BOSTON -- The Boston Bruins boast one of the top defensive units in the NHL. There's no reason to believe that will change in 2013.
Boston's returning blueliners include captain Zdeno Chara, Dennis Seidenberg, Andrew Ference, Johnny Boychuk and Adam McQuaid, and this solid core will have some interesting additions in the upcoming shortened season.
The Bruins' top prospect, 19-year-old defenseman Dougie Hamilton, is expected to earn a spot on Boston's roster at the end of minicamp. There are a lot of high expectations for the organization's top pick (No. 9 overall) in the 2011 NHL draft.
If it hadn't been for the lockout, there was a solid chance Hamilton would have made the team out of camp back in September, but since the CBA was not settled, he returned to play junior hockey for the Niagara IceDogs in the OHL. He also played for Team Canada in the recent World Junior Championship.
Since there's already a strong chemistry among current Bruins defensemen, they'll expect Hamilton to fit into their style of play and work ethic.
"I expect him to work as hard as possible and try to adjust to the quickness of the game here, and hopefully he does, because he's a good player," Boychuk said.
It wasn't long ago when Boychuk was the up-and-coming defenseman on the Bruins, learning from the likes of Chara and Seidenberg. Boychuk listened and learned, helping ease his transition to the NHL.
"Just listening to everybody and taking in all the knowledge that I could," Boychuk said of his time breaking in. "Just work hard and try to learn as much as possible from guys on the team, from coaches, and hearing what they had to say, and going over video every day and seeing what you can do to improve."
One question heading into training camp is McQuaid's health. He had surgery in October for thoracic outlet syndrome after a blood clot developed under his collarbone.
McQuaid has been skating with some of his teammates during informal practices at Boston University's Agganis Arena. If he's not ready, Bruins general manager Peter Chiarelli and coach Claude Julien have options with some younger defensemen playing for the Providence Bruins, including Matt Bartkowski and Torey Krug.
The rest of the defensive unit looks healthy and strong. On Tuesday, Chara was scheduled to return to the States from Prague, where he had been playing in the KHL during the lockout. Seidenberg returned on Monday from playing in Germany and was on the ice with some of his teammates Tuesday at BU.
Seidenberg played 26 games for Mannheim and recorded 2 goals and 18 assists for 20 points. He previously had played for the Eagles from 1999 to 2002 before he began his NHL career with the Philadelphia Flyers in 2002-03.
In fact, it was the first time he returned to his native Germany in seven years, and there was an added bonus to the NHL lockout since Seidenberg was able to play with his brother Yanick.
"He was sad," Seidenberg admitted. "It was nice playing with him the last three months. It was longer than I expected, but it was a good time, a good experience being back with him on one team. It was fun."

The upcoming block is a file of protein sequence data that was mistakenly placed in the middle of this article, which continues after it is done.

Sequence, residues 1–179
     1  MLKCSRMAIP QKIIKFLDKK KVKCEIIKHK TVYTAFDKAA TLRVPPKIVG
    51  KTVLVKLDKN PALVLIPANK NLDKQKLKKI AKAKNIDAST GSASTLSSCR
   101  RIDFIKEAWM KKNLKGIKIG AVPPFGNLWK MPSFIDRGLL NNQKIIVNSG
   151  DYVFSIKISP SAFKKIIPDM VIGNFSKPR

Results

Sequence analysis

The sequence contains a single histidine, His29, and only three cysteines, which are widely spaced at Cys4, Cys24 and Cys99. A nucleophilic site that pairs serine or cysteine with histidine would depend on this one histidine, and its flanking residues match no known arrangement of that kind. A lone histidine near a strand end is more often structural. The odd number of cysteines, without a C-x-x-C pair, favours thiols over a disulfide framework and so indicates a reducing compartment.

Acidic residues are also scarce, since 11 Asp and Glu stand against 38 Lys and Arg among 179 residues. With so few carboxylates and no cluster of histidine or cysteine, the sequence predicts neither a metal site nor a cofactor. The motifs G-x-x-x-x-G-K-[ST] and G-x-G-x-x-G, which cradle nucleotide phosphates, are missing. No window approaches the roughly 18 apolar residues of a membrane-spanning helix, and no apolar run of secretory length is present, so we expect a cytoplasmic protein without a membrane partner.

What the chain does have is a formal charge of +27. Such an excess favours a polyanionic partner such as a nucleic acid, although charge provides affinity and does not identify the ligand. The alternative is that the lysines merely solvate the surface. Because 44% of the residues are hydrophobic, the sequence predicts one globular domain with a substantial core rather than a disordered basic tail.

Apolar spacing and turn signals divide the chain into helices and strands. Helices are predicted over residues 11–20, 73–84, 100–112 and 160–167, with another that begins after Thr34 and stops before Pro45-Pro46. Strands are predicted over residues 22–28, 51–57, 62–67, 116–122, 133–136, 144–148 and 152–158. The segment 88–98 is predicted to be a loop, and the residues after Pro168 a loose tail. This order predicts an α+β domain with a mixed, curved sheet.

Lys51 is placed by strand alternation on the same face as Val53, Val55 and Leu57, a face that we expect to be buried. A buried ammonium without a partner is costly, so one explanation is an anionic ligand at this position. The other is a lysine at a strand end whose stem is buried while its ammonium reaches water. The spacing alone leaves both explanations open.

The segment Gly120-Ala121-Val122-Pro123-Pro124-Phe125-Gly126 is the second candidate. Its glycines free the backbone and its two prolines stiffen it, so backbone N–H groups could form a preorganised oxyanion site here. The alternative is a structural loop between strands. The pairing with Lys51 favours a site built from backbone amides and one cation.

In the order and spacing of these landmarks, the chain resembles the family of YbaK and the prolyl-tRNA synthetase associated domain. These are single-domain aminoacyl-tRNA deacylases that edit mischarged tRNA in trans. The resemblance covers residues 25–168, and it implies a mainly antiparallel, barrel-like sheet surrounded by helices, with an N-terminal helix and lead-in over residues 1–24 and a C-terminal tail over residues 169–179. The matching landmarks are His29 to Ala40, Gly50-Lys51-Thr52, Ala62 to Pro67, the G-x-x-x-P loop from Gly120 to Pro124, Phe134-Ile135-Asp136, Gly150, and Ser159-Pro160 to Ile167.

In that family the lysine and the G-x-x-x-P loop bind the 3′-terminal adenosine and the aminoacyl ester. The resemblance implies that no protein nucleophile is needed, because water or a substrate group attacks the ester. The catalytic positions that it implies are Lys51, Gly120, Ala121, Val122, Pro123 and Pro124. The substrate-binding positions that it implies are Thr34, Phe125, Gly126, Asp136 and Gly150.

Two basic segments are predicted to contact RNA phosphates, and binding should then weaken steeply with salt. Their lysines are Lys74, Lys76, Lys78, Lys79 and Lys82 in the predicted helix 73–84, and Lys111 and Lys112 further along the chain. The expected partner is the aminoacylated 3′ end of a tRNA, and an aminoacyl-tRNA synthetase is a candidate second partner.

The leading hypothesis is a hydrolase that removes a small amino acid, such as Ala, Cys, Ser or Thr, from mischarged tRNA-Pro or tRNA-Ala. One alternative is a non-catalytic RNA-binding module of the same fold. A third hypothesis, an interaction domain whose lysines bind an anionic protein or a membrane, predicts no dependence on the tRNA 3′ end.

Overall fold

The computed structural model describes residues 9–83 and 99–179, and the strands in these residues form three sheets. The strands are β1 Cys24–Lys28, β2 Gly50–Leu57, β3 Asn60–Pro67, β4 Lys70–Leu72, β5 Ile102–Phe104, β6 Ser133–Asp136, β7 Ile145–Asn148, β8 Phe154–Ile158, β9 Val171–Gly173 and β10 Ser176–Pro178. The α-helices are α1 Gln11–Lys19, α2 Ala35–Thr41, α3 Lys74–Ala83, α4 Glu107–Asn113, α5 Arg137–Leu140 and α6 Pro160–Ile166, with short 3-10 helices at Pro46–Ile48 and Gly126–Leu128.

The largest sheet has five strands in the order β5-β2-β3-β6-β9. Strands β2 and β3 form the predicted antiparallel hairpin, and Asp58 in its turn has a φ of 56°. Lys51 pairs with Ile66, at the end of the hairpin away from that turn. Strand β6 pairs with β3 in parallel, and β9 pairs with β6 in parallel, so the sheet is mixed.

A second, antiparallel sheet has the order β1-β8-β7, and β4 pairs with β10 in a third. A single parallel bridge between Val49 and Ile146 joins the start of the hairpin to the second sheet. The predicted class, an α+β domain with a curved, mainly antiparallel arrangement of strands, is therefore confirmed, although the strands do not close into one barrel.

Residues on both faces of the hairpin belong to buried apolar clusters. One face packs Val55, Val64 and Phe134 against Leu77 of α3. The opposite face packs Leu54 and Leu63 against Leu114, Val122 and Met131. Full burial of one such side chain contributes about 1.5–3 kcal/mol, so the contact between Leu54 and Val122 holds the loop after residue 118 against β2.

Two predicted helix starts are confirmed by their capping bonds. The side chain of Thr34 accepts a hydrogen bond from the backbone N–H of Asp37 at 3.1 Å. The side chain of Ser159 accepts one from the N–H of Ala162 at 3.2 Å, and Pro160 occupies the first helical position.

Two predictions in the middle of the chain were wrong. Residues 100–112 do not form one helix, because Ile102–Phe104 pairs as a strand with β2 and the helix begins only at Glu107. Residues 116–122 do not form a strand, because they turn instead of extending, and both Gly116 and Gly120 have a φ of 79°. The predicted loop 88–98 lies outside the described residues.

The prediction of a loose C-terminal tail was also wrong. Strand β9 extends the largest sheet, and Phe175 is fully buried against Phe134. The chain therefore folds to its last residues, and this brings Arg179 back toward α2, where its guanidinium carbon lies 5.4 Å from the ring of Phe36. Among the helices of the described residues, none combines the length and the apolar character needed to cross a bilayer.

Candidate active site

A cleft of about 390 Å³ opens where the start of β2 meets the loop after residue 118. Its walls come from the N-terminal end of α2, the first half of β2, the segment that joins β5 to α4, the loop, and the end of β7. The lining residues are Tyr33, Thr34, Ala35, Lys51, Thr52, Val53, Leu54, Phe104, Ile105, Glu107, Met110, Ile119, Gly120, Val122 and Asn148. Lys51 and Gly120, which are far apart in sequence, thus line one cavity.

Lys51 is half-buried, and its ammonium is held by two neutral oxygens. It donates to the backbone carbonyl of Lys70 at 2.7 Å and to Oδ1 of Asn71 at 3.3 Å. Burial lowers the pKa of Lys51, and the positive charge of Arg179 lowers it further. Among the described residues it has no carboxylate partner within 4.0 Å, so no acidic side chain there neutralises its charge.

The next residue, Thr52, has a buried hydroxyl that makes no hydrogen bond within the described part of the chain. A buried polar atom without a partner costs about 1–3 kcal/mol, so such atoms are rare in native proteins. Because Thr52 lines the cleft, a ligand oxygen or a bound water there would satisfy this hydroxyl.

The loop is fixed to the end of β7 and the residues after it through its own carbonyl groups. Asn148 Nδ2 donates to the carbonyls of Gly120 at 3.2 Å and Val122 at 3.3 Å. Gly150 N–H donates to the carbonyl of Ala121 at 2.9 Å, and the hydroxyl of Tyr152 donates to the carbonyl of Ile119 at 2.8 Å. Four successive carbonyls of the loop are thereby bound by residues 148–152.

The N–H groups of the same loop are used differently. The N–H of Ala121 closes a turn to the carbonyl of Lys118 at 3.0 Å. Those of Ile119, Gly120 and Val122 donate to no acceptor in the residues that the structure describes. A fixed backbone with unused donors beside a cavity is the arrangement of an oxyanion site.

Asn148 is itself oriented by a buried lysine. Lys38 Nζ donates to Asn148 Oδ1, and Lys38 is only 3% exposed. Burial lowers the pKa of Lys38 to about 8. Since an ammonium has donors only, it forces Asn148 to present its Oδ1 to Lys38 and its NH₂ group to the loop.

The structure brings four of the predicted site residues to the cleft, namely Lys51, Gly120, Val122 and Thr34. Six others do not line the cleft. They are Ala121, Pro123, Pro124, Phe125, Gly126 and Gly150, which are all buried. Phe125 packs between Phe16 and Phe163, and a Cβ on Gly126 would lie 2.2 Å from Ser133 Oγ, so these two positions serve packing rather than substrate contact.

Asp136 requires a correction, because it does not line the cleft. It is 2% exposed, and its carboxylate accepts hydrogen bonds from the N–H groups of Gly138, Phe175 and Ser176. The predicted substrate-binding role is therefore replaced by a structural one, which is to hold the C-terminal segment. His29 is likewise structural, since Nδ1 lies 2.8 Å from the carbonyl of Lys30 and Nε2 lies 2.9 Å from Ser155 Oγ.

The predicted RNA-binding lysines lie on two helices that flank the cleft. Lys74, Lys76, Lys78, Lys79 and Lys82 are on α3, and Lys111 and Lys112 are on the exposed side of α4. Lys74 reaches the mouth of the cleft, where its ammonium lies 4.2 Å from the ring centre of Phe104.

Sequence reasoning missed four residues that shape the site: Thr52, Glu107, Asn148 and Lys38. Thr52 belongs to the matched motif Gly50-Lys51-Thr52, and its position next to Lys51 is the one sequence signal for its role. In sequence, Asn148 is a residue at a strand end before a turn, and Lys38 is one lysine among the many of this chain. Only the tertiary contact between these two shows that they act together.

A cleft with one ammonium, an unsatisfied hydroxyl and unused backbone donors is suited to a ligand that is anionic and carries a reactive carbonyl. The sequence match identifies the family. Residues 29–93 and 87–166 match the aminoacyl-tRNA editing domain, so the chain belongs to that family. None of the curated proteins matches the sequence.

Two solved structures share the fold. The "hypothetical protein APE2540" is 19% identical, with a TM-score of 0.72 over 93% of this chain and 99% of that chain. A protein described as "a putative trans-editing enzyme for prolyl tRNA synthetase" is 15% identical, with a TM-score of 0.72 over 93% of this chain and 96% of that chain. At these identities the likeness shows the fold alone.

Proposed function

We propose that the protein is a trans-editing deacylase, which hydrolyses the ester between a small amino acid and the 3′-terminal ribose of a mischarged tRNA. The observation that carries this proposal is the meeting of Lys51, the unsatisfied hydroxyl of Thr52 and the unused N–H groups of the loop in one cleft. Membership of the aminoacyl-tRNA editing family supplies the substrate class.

But now Seidenberg is focused on helping the Bruins win in 2013.
"It was a good time staying busy and having organized practices. Just being in game shape is something that I really enjoyed and I'm grateful for it," he said. "But now it's time to get back, and I'm so excited to be here."
Boychuk also recently returned from overseas, where he played for Salzburg in Austria. He had two goals and six assists for eight points in 15 games.
"I'm ready. I'm ready to go right now," Boychuk said. "It was a perfect situation for me because you had to go there and work hard. Now that the season is starting, I'm glad I went there because it was a good experience, you really had to work hard to stay in shape there."
Seidenberg and Boychuk did not log the type of minutes overseas that they normally do during a regular-season NHL game. But because of the larger international ice surface, there was more skating and less hitting. They're both in shape but admit there will be a transition once NHL games begin because of the talent level.
"A little bit different," Boychuk said. "We rotated a lot and everyone played around the same minutes, but at least we got to play quite a bit."
Boychuk said his goal is to have a big year. This will be his fourth consecutive season with the Bruins, third as a full-time defenseman, and his development has gone well.
"It's been good," he said. "The first year was kind of different for me to sit out a while and get used to the practices and systems. Jumping into the rotation has been quite an accomplishment for myself, and now I just want to step up my game a little bit more. I want to play well defensively and when there's a chance to jump up offensively, I will."
Boston's defensive unit will be only as good as its last line of defense. That will be the job of goaltender Tuukka Rask. The Bruins have faith Rask can take over the No. 1 spot and be successful.
"He's shown in the past that he can do it. He can handle the workload," Seidenberg said of Rask. "I don't know how he played this year in the Czech, but he looked good out there, looked big out there, and I don't see a reason why he won't succeed or be successful as the No. 1 starter."
With training camp expected to start on Sunday, Bruins players will continue to participate in the informal practices at BU.
On his way to Agganis Arena to join his teammates and other local NHLers, Seidenberg drove past TD Garden on Tuesday morning.
"I just got a really good feeling when I passed the Garden, imagining going back out on the ice in front of the fans and being able to play here again," Seidenberg said. "I think everybody feels the same way, and I'm excited about getting going."